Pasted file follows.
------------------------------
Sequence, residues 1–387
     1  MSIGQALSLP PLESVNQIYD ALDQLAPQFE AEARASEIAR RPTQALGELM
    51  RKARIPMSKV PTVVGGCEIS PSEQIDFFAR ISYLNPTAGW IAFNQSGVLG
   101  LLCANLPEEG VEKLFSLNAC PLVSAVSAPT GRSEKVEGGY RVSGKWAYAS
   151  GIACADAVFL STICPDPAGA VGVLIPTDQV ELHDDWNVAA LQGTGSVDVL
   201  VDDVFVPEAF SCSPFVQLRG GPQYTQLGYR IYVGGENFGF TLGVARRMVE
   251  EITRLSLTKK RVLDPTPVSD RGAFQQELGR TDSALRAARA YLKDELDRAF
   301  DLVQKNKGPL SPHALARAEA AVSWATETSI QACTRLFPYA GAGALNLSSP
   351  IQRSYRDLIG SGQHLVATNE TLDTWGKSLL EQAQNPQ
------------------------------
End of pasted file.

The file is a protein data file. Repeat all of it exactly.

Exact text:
Sequence, residues 1–387
     1  MSIGQALSLP PLESVNQIYD ALDQLAPQFE AEARASEIAR RPTQALGELM
    51  RKARIPMSKV PTVVGGCEIS PSEQIDFFAR ISYLNPTAGW IAFNQSGVLG
   101  LLCANLPEEG VEKLFSLNAC PLVSAVSAPT GRSEKVEGGY RVSGKWAYAS
   151  GIACADAVFL STICPDPAGA VGVLIPTDQV ELHDDWNVAA LQGTGSVDVL
   201  VDDVFVPEAF SCSPFVQLRG GPQYTQLGYR IYVGGENFGF TLGVARRMVE
   251  EITRLSLTKK RVLDPTPVSD RGAFQQELGR TDSALRAARA YLKDELDRAF
   301  DLVQKNKGPL SPHALARAEA AVSWATETSI QACTRLFPYA GAGALNLSSP
   351  IQRSYRDLIG SGQHLVATNE TLDTWGKSLL EQAQNPQ